Become a Carer
Most people considering foster care are in it
for the right reasons. They are good souls with the time and energy to devote
to a child who needs stability, love, guidance and self-worth. Before proceeding,
think if this is the right time and ensure that your family and friends are
willing to go on this journey with you.
Reasons why you should foster:
- You can. You have the time, energy, empathy and spirit to help a child look forward to a positive future.
- You want to play your part within your community. You see there is a need to find children safe and loving homes. You have the skills and ability.
- You love kids and you are great with them. You are at a time in your life where you have developed skills which allow you to understand how to communicate with children. You love being around kids and helping them to develop.
- You have been there. You may have had a rocky childhood and therefore you understand trauma, grief and loss. You know your life experience has taught you how to be strong, resilient and brave and you can help a child take their own steps forward.
- You know it can work. You know someone who is a foster carer or you grew up in a foster family. You have seen how really solid and positive foster care placements can change the lives of children. You know you have the ability, compassion and time; you know you can help.
Reasons why you should defer fostering:
- Your child wants a playmate. Children in care are not there to meet the needs of your family. You are fostering because you want to meet the needs of a child. If your children are settled, happy and don’t mind their own company but also love being around other children, fostering could be for you.
- Can you manage a child with challenging behaviours? Many children in Out of home care have difficulties as a result of their disordered childhood and ALL need extra time, attention and consistency. Some children can be very challenging, are you really up for this?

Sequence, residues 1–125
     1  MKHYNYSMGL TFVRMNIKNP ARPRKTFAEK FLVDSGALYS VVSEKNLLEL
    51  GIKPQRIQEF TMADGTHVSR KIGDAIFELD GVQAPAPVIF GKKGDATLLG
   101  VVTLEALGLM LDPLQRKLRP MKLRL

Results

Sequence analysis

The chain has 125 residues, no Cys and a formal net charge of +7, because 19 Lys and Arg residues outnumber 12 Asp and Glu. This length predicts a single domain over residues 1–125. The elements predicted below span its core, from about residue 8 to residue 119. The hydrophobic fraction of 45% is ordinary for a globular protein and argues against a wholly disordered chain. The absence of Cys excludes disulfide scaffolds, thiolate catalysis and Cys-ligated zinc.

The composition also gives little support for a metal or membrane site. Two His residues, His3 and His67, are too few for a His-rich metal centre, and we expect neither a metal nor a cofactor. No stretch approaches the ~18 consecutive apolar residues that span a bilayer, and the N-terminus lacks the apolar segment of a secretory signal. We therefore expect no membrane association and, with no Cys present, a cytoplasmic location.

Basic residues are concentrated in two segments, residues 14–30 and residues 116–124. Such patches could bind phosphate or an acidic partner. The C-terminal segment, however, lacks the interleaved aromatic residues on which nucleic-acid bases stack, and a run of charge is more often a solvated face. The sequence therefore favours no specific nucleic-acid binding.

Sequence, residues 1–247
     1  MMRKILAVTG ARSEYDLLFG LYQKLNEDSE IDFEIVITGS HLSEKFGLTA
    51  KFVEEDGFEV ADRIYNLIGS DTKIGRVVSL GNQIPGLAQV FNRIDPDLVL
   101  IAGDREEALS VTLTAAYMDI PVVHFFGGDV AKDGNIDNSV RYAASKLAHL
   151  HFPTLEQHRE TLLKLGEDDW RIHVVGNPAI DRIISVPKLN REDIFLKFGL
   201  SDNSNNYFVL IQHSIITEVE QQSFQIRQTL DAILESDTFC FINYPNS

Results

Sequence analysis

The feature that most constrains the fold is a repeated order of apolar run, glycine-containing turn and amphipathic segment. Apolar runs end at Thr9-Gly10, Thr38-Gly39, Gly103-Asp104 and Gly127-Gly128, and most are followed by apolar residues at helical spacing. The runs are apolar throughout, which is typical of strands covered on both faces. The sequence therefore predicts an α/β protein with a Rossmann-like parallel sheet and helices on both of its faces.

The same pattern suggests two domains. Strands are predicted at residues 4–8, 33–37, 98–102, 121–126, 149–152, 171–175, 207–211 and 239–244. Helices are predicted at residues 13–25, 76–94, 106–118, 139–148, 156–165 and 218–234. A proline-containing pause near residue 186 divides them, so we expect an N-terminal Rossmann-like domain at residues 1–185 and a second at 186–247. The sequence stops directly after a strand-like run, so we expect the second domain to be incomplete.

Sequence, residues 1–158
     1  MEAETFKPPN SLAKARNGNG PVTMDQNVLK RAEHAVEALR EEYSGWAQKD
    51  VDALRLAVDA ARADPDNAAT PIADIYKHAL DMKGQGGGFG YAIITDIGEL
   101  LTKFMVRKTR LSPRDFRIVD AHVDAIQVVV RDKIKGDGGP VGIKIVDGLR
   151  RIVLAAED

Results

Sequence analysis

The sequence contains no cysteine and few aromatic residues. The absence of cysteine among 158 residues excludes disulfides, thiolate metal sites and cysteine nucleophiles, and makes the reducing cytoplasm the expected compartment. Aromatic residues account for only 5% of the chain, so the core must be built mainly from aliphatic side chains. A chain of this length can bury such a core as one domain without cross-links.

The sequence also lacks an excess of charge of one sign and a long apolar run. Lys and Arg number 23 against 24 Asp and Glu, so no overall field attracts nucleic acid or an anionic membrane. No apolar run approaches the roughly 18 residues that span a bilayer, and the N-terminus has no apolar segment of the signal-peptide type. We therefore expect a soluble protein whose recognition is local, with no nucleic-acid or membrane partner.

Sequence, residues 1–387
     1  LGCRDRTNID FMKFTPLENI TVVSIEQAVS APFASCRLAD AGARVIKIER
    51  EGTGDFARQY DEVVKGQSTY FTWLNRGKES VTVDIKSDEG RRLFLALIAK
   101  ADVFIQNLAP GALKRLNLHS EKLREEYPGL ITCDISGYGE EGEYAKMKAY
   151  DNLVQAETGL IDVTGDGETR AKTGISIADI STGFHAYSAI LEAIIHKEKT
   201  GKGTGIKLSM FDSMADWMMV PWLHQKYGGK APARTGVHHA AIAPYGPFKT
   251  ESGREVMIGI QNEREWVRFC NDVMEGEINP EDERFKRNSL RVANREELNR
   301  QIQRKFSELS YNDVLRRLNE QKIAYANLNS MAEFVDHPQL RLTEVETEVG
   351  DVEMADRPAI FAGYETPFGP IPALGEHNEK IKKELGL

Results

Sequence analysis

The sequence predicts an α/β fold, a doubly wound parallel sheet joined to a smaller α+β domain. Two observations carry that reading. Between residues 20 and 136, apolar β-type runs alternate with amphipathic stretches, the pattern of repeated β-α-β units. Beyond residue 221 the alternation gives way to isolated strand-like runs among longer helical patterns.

- Your own grief and loss. If you have unresolved issues from traumas such as unsuccessful IVF or having lost a child, then having a child come into your family as a ‘replacement’ is not healthy. It’s not to say you should give fostering a miss altogether, it just might be a ‘not right now’.
- A calling. If you have a need foster a child because of your faith or a sense of ‘duty’, foster care is not a good avenue to take. The child needs to know you are there for them in every way and not because they are a ‘project’ or ‘calling’ for you.
- Everyone isn’t as keen as you are. If you are a couple and/or if you have children at home absolutely everyone needs to be committed to becoming a foster family, if not, don’t do it.
- The Empty-Nest. If you have raised your own children, you may have the experience and knowledge to really help a child progress, but if you are looking at the child filling a void in your own heart because your children have left home, this is a quick road to disaster particularly for the child.
- You Need the Money. You receive a reimbursement for the time children are in your care, but it should never replace a wage. Being a foster carer does not mean you cannot work, particularly if children are school age. It just means you need the same flexibility in the workplace as every other parent. The carer allowance helps you provide a life for a child in care so that they do not miss out on the opportunities other children have.